First off, I would to start off by mentioning my thoughts and prayers are with the former President for a quick recovery from surgery to open a blocked artery near his heart. All reports indicate he is doing well.
As I have written about previously, American foreign policy has oscillated between periods of intervention and periods of isolation. Over the last several decades however, America’s political parties have altered their positions. Where once Democrats were the interventionists and Republicans largely isolationist, the opposite seemed to hold true until 2008 with the election of a hawk in a dove’s clothing.
The 2000 presidential campaign was fought during a strong economy. Both major party candidates seemed to back away from major interventionist policies. Al Gore even criticized President Bill Clinton for going into Bosnia to stop ethnic cleansing. Then Governor George Bush campaigned on a “Humble foreign policy.” Oh how times quickly changed Bush’s tune.
To quell worries Bush was to much of an isolationist in GOP circles he chose close friend Donald Rumsfeld as his Secretary of Defense and former Sec of Defense Dick Cheney as his VP. Up until 9/11 their views were largely marginalized in his cabinet. But 9/11 changed that.
We all know what resulted from 9/11. The Department of Homeland Security was created, the Patriot Act was soon passed, and entities like the TSA and NSA were either created or greatly strengthened. We also saw boots hit the ground in Afghanistan to root out Al Qaeda and depose the Taliban. In March 2003 the new “War on Terror” reached Iraq.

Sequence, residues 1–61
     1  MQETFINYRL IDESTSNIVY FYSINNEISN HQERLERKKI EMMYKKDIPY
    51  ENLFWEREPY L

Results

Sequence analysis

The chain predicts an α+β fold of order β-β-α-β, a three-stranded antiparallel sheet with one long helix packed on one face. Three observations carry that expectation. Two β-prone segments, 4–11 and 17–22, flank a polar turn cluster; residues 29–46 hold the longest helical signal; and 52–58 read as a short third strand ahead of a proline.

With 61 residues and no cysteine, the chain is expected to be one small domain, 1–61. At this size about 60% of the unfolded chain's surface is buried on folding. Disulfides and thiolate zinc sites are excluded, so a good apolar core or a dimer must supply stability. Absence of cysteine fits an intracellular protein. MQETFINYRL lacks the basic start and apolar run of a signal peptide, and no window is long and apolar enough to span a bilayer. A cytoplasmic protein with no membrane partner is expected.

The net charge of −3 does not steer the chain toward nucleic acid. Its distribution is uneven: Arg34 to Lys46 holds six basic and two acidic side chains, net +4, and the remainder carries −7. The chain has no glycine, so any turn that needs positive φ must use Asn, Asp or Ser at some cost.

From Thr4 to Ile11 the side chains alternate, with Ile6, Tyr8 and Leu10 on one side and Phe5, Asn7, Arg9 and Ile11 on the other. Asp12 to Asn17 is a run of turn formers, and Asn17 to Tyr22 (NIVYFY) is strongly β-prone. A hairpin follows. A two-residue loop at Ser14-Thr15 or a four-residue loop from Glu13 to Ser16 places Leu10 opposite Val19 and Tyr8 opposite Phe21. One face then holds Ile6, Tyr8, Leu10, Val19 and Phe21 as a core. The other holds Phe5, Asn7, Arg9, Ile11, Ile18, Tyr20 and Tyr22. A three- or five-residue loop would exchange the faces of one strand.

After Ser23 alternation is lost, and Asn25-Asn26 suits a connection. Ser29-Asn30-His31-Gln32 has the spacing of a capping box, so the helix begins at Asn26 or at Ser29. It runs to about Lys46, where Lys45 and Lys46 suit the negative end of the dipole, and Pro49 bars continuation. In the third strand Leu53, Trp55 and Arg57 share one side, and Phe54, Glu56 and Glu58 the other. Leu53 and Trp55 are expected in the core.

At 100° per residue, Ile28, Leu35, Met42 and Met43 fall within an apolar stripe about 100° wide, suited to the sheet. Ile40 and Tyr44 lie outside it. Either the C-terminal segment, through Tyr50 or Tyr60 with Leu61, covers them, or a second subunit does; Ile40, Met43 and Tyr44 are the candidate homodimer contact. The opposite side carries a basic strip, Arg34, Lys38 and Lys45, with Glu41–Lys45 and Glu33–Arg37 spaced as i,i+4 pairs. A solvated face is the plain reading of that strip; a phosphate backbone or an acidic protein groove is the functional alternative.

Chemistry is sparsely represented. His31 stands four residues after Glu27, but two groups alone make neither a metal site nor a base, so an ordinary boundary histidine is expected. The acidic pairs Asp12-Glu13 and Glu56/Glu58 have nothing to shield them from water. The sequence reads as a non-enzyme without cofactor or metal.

The stretch of the War on Terror to invade Iraq likely brought down the Bush Presidency. Iraq’s government and Bush pet peeve leader Saddam Hussein was accused of supporting Al Qaeda and by extension the 9/11 attack. Evidence was presented/fabricated (you decide) and soon after boots hit the ground. The reasons for invading Iraq remain muddled even today. First it was to protect America and depose Saddam, then it was to provide Iraqis freedom and finally it was nation-building. By the way, nation building started in 2001 in Afghanistan.
The 2004 election was seen by many conservatives and defense hawks as support for their agenda. John Kerry had moved far, far to the left on foreign policy to court the growing anti-war network. To bad he did not have the election in 2006. Bush won in 2004 on two issues, national security and family values. According to exit polls, of the 55% of the public that supported the Iraq War, 90% supported Bush. Of the minority that opposed the war over 90% supported Kerry.
Second term events were not kind to Bush and the GOP. Ethnic tension in Iraq led to increased civilian and US military deaths. In Afghanistan the Taliban, based in Pakistan, struck back with mostly impunity against American and NATO targets. This led to the anti-war Left, largely an anti-Bush movement, to grow and thrive. Despite their cries they were anti-war, as we will see when Obama comes into the picture they shut up rather quickly.